CT 12.1 (relates to 9.1) use language, in a range of aural, print, media and electronic forms to explore and express their perceptions, feelings, ideas and attitudes; refine their thinking; and interact, negotiate, and collaborate with others in order to build their understanding

CT 12.2 (relates to 9.1, 9.2) critically apply technological skills in a range of electronic, visual, and print media for formal and informal communication

CT 12.3 (relates to 9.1) design and create electronic documents to accomplish curricular tasks

CT 12.5 (relates to 9.1 – 9.3) use multimedia hardware and authoring software to develop non-linear, interactive presentation

CT 12.6 (relates to 9.3) assess the value and application of information and communication technology in personal and career-related pursuits

This range of outcomes is by no means exhaustive. There are several others applicable.

Projected timeline for preparation and for carrying out activities

Five or six weeks should be a reasonable time for completion of this as a major project. This unit may be expanded or contracted time-wise to whatever may fit within your program. The ongoing project should have opportunity for improvisation and other practice related to the development of characters and the drama.

Equipment Requirements: (computers, software, etc)

  1. Highly recommended: a stage and a computer lab! Practical reality suggests, of course, at minimum a large open space for rehearsing, and one internet-connected computer per writing group.

  2. Access to an online content management system (CMS). Highly recommended is the TikiWiki, however I'm sure PHPNuke, Drupal, Mambo and a host of others will serve well. It is also possible to use Moodle for this purpose; however the interface might prove very challenging for inexperienced teachers to administer! Please contact me if you wish to use this resource, or if I can assist in any way.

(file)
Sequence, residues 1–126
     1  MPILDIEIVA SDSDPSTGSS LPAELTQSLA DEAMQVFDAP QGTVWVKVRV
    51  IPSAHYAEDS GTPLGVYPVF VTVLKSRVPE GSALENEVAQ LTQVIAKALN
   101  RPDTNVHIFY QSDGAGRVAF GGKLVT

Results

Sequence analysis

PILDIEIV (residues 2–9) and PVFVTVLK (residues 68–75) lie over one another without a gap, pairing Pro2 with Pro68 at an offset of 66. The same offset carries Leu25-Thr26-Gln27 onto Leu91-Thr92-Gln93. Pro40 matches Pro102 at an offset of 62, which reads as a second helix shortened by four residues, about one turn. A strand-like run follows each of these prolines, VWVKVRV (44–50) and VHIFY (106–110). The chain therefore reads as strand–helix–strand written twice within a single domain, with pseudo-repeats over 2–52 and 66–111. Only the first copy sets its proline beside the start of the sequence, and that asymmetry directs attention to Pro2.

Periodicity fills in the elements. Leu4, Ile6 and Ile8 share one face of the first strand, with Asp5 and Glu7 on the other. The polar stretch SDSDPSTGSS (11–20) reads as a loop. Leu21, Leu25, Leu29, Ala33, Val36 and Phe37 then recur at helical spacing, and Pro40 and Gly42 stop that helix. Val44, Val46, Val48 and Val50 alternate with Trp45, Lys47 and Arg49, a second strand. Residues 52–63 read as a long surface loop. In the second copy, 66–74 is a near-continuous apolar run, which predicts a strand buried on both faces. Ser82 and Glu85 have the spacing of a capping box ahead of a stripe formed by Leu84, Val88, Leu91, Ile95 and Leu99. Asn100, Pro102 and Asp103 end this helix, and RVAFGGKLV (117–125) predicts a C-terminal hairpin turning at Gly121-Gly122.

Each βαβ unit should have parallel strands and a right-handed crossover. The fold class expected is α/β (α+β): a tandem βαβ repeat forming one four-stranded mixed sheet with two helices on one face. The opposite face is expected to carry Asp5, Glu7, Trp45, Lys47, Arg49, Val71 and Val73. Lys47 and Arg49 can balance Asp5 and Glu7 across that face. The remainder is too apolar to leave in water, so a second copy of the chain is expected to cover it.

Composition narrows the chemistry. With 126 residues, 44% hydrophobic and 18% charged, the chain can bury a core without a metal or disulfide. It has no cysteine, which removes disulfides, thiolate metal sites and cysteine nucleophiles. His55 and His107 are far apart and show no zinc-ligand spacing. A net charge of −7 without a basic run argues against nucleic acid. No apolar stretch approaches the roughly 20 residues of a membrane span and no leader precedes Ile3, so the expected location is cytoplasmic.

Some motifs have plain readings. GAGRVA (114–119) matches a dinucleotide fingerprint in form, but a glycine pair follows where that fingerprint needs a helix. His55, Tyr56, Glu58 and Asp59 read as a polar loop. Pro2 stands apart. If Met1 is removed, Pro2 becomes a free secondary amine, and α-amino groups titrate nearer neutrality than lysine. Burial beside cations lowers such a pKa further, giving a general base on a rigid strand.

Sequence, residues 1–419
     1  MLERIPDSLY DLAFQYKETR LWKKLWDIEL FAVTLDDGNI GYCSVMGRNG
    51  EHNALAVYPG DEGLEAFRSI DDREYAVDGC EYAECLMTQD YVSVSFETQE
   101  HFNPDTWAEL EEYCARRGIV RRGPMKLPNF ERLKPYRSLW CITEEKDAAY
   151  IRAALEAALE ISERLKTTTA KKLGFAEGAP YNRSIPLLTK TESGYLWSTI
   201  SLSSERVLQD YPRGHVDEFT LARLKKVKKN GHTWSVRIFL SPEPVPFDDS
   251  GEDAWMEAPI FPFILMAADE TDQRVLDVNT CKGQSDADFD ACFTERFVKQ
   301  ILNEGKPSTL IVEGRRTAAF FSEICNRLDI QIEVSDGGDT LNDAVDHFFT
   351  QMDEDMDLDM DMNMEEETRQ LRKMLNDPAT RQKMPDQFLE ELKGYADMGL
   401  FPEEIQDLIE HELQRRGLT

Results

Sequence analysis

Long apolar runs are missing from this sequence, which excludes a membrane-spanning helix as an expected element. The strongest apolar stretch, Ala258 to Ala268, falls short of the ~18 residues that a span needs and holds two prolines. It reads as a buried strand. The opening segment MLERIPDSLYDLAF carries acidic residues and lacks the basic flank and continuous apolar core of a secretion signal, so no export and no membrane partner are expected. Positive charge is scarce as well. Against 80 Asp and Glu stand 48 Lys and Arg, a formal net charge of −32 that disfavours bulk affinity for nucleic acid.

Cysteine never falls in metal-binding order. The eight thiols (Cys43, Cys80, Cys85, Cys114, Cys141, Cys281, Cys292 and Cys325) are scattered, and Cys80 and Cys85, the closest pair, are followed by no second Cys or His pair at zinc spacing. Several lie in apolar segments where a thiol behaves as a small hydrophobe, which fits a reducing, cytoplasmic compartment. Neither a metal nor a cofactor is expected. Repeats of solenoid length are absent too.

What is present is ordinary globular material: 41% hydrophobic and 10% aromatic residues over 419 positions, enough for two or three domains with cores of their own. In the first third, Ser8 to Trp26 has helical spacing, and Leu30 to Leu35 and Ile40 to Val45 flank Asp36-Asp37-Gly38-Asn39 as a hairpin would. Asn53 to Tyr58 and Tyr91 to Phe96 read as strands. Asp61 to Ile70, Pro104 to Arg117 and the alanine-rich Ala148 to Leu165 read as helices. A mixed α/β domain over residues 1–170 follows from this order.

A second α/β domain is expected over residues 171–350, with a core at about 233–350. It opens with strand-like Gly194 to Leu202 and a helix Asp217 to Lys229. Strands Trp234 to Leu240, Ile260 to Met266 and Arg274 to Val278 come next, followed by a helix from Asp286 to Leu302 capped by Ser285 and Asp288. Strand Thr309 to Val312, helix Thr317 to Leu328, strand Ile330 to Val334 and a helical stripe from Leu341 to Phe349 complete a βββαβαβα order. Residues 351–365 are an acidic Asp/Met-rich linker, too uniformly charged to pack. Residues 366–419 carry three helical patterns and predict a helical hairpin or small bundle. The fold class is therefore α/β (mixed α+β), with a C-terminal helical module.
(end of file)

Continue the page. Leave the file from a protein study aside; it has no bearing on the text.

3. LCD projector or other means of demonstrating online activities for students.

Teaching materials provided (Blacklines, worksheets, templates, teacher materials)

Resources available for teacher/student use (websites, references, etc)

Source stories: http://geeks.ednet.ns.ca/stories/

  1. These are the text only files, gleaned from http://www.gutenberg.org and derive from the compilations of Andrew Lang (1844-1912).

A valuable text and approach to the group processes involved in script development may be reviewed in Adland, David. Group Approach to Drama. Longmans, 1964. There are three books in this series. Other works may serve as well.

For an exhaustive costuming reference, have a look at http://costumes.org, also known as The Costumers Manifesto. This site is presented by Prof. Tara Maginnis of the University of Alaska – Fairbanks. WOW!!

Detailed instructions for each activity or lesson (teacher notes, activity information, learning strategies, teacher role, student roles)

  1. Students each choose a story to read individually
  2. Each student will be able to “tell” their story in 90 – 120 seconds
  3. Each story should be broken down into eight or nine “points of action”; that is, specific actions that occur through the story. This is perhaps the first difficult hurdle for students to overcome.